The Challenges For Democracy

Article 2: Social Fabric: Who Rules Who?
Do we want a world in which people are ruled or served?

Copyright © 2004 Dorian Scott Cole

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Talk to a survivalist, or a lot of other independent minded people, about government interference in personal affairs, and be prepared to get an earful. Are being ruled or being served the simple exclusive choices that some would have us believe?

Recently the year end omnibus spending package that Congress puts together, had a clause in it that authorized leaders of Congressional committees to look into individual tax records - an unlawful activity. The fact that no individual congressman would take responsibility for including the clause indicates how controversial such a move would be. Removing the clause was conjectured as near impossible, although news media and public pressure seems to be making that happen.

We are told that these omnibus spending packages are so big that "pork" slips through easily (more like "ham salad"), and even "mistakes" happen, such as authorizing peeking into financial records. No one has time to read all of this stuff. This is really a lame-duck Congress... responsibility sheds off congressmen like water off a duck's back: "We don't know how it happened." Ultimately after the authors of the legislation were identified and they denied actually putting it in the bill, the blame was shifted to a "staffer."

I'm wondering if this article should be about being ruled, or simply about incompetent people who can't even do their jobs. Once again I have to raise the issue, should there be public oversight committees to review legislation and congressional activity, since Congressmen declare loudly that they can't do it themselves? Is the bureaucracy too big?

What possible business could congressional leaders have looking into individual tax records unless they are up to no good and exercising power - ruling rather than leading. Public servants?

Fortunately we have the news media to sniff out bungling in high places. But all you really have to do is drive a car to quickly get a belly full of bureaucratic goof-ballism. I recently licensed two vehicles - both used. It was another great car adventure.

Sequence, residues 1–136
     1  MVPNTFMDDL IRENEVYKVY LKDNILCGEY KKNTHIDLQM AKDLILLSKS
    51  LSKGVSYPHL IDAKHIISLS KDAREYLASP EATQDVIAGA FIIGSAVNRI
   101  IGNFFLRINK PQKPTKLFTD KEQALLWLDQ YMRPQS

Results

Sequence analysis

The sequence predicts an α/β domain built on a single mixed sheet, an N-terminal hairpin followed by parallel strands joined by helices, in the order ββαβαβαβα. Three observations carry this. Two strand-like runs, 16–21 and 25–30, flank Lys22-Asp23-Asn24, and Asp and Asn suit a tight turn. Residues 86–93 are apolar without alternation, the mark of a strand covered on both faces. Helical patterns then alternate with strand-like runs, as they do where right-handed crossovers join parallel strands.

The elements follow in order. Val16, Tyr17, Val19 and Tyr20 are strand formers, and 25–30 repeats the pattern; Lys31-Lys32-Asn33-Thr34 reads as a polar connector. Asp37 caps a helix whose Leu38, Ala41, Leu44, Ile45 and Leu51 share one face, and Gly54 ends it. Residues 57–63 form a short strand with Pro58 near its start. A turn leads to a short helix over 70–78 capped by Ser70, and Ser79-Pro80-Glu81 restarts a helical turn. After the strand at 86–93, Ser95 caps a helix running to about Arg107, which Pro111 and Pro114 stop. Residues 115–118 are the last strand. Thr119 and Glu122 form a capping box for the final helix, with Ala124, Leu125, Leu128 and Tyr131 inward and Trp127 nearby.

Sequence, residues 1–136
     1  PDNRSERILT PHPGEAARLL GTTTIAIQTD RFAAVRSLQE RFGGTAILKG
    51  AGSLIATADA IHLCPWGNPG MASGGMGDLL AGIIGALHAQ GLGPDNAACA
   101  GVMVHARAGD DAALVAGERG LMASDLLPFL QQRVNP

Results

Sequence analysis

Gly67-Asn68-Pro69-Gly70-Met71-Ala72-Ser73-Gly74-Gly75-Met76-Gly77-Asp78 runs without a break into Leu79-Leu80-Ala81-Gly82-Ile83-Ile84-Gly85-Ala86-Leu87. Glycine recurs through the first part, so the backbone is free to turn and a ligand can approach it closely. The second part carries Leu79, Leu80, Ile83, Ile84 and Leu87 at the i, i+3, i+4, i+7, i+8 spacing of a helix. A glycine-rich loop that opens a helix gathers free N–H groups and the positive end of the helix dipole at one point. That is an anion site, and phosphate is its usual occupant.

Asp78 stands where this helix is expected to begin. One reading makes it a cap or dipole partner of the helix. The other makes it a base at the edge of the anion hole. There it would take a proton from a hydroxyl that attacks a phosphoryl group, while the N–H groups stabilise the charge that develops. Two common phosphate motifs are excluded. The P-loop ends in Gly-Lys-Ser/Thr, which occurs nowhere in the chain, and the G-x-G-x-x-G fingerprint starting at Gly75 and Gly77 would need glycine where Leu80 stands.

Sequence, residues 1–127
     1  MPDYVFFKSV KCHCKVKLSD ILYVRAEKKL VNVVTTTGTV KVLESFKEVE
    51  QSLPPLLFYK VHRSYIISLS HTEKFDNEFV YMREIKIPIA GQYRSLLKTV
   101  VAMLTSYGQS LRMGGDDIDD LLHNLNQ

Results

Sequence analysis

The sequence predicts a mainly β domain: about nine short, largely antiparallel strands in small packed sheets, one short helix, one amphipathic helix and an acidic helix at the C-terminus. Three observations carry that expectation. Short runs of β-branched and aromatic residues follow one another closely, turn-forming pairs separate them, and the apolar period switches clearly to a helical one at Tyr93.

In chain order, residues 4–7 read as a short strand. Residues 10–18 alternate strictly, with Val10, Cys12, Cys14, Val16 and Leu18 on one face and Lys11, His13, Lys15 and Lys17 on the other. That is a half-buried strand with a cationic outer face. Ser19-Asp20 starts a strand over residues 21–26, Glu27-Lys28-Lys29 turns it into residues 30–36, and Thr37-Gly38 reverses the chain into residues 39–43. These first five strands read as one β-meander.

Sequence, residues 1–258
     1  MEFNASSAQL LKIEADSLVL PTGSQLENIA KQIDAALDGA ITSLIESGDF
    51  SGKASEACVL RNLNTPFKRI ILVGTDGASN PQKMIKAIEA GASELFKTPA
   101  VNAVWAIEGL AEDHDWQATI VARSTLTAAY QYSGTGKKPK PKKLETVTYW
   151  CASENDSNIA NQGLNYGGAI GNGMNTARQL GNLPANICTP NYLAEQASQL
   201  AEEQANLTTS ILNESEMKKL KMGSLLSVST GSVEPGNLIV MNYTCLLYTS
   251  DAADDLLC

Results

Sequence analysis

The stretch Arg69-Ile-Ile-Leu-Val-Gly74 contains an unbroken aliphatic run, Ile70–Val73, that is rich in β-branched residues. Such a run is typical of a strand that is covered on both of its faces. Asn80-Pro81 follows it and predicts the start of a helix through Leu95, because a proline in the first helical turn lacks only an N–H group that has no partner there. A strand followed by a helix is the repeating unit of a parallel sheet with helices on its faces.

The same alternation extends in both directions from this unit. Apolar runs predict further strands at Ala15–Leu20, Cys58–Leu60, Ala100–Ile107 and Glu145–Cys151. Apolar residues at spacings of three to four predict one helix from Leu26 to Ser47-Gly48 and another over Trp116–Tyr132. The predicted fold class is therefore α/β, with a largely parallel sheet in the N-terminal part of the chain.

Aside: It might be helpful to know that I recently decided to add more physical activity to my daily regimen of sitting and writing, and sitting and driving. The most exercise I was getting was sidestepping my treadmill. In the belief that exercise would help control my weight and blood pressure, I took on the task of building a house for my daughter, from the ground up. It seemed better than taking more pills and risking other health complications.
(Note: this exercise is not a substitute for aerobic cardiovascular exercise - minimum 10 to 15 minutes rapid walking a day - or for proper diet. If you feel that building might be the right activity for you, first try small remodeling projects, and then try assisting Habit For Humanity.)

To build a house, I felt I needed a van in which to haul tools and material, so I found an old one that looked presentable and had some life left, expecting to make a few repairs to it.

In my State, there is still a "Safety Inspection" law. Most states have abandoned such laws because they found that safety inspections have no significant impact on accident rates. Those laws simply infuriate vehicle owners and place temptation within easy reach of "inspect and repair" facilities. I remember the old Indiana law that would flunk your car if it had rust on it. Rust might be an eyesore, but $ intended for accident prevention had gigantic targets compared to rust. Indiana, of course, abandoned their safety inspection law many years ago, as have most states.

My prescribed course for getting my new old vehicle on the road was, 1) State safety inspection, 2) Federal emission inspection, 3) Title transfer and licensing, and 4) City tag. To begin with, 4 steps to get a vehicle "legal" already smacked of bureaucratic goof-ballism. It turned out to be much more than 3 steps - something more akin to a 12 step program.

I have horrible experiences with new car dealer service departments. We seem to have very different agendas. Theirs is getting my money any way they can, and mine is keeping my money - they don't compromise. Unfortunately the horn wouldn't work on the van, and after my troubleshooting determined that no one who has Internet access can find the horn relay on that vehicle, and I isolated the problem to inside of the steering column, this meant "dealer repair."